USRE38941E1 - Ink droplet ejecting method and apparatus - Google Patents

Ink droplet ejecting method and apparatus Download PDF

Info

Publication number
USRE38941E1
USRE38941E1 US10/788,047 US78804704A USRE38941E US RE38941 E1 USRE38941 E1 US RE38941E1 US 78804704 A US78804704 A US 78804704A US RE38941 E USRE38941 E US RE38941E
Authority
US
United States
Prior art keywords
ink
pulse signal
ink chamber
volume
jet
Prior art date
Legal status (The legal status is an assumption and is not a legal conclusion. Google has not performed a legal analysis and makes no representation as to the accuracy of the status listed.)
Expired - Lifetime
Application number
US10/788,047
Inventor
Hiroyuki Ishikawa
Current Assignee (The listed assignees may be inaccurate. Google has not performed a legal analysis and makes no representation or warranty as to the accuracy of the list.)
Brother Industries Ltd
Original Assignee
Brother Industries Ltd
Priority date (The priority date is an assumption and is not a legal conclusion. Google has not performed a legal analysis and makes no representation as to the accuracy of the date listed.)
Filing date
Publication date
Priority to JP34672297A priority Critical patent/JP3842886B2/en
Priority to US09/201,129 priority patent/US6350003B1/en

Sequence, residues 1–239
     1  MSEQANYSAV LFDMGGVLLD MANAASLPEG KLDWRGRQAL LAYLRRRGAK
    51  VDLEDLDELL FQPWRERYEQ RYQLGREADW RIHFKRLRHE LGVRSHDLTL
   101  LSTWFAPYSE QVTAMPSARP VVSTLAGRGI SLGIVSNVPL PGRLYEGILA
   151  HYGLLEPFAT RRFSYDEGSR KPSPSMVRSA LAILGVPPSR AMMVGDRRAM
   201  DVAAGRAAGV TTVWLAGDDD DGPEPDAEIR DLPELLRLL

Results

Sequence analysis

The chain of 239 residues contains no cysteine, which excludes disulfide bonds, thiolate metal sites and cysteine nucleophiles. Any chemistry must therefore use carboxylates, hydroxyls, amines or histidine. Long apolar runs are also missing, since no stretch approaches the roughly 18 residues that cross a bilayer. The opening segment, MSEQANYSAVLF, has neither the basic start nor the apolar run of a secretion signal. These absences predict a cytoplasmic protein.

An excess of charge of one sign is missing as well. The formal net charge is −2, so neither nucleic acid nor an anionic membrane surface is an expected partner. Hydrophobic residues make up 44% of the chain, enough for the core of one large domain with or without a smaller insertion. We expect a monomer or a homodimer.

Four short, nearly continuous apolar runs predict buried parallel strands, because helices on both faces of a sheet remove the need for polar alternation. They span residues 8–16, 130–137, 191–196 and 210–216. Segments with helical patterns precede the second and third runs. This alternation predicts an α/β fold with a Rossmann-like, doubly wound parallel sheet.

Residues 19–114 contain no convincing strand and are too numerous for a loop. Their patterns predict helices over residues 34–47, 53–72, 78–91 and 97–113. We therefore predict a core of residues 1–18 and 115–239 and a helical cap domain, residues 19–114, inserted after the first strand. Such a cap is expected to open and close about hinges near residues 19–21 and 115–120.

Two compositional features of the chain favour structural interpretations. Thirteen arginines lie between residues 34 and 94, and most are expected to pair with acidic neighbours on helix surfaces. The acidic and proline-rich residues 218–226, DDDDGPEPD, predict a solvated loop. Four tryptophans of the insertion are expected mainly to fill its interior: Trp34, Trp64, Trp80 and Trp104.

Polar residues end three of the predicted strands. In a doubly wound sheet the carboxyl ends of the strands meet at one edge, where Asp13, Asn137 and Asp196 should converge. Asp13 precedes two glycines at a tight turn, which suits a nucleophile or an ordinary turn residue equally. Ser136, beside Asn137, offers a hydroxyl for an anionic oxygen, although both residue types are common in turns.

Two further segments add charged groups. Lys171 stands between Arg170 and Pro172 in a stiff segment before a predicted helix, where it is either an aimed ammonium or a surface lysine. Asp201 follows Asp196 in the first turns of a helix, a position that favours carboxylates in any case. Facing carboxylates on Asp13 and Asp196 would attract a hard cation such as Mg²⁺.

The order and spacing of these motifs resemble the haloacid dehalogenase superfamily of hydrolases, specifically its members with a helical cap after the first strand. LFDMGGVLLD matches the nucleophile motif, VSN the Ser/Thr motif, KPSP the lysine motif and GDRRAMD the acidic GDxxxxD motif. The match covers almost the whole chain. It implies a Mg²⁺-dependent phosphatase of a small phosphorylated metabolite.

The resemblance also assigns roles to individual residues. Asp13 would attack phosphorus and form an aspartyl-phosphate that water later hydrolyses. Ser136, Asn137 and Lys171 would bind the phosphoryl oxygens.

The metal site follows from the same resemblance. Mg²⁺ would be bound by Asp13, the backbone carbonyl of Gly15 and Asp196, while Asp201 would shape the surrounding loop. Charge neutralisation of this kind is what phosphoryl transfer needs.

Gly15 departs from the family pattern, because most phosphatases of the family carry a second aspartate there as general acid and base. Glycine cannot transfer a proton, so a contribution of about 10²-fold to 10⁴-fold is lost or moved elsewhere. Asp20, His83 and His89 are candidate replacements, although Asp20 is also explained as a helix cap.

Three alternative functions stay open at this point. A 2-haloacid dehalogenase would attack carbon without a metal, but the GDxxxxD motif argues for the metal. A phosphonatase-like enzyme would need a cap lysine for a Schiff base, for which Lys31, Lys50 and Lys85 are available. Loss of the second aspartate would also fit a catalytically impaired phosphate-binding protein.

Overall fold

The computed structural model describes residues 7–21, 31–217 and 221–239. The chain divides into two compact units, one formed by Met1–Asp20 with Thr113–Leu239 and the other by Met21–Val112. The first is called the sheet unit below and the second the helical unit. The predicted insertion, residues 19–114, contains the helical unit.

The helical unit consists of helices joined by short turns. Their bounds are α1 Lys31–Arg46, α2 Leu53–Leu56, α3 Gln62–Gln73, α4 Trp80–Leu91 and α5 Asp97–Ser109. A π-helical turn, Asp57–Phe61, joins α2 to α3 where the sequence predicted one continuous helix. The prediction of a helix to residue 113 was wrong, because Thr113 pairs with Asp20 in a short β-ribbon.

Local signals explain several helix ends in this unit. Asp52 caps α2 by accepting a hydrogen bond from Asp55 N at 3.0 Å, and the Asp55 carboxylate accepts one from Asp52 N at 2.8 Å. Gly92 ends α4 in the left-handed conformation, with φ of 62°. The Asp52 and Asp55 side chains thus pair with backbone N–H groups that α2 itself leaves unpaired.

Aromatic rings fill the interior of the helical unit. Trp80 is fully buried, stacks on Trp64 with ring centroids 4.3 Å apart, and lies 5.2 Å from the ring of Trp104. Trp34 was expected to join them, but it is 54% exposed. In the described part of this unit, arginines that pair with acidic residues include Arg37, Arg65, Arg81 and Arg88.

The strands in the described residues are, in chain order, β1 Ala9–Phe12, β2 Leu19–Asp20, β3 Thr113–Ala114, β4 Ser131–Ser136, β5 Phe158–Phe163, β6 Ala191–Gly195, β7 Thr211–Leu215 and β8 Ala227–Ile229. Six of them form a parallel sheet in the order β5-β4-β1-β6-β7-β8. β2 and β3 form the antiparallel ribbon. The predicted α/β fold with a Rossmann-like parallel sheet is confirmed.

Application filed by Brother Industries Ltd filed Critical Brother Industries Ltd
Priority to US10/788,047 priority patent/USRE38941E1/en
Application granted granted Critical
Publication of USRE38941E1 publication Critical patent/USRE38941E1/en
Anticipated expiration legal-status Critical
Expired - Lifetime legal-status Critical Current

Links

Images

Classifications

    • BPERFORMING OPERATIONS; TRANSPORTING
    • B41PRINTING; LINING MACHINES; TYPEWRITERS; STAMPS
    • B41JTYPEWRITERS; SELECTIVE PRINTING MECHANISMS, e.g. INK-JET PRINTERS, THERMAL PRINTERS, i.e. MECHANISMS PRINTING OTHERWISE THAN FROM A FORME; CORRECTION OF TYPOGRAPHICAL ERRORS
    • B41J2/00Typewriters or selective printing mechanisms characterised by the printing or marking process for which they are designed
    • B41J2/005Typewriters or selective printing mechanisms characterised by the printing or marking process for which they are designed characterised by bringing liquid or particles selectively into contact with a printing material
    • B41J2/01Ink jet
    • B41J2/015Ink jet characterised by the jet generation process
    • B41J2/04Ink jet characterised by the jet generation process generating single droplets or particles on demand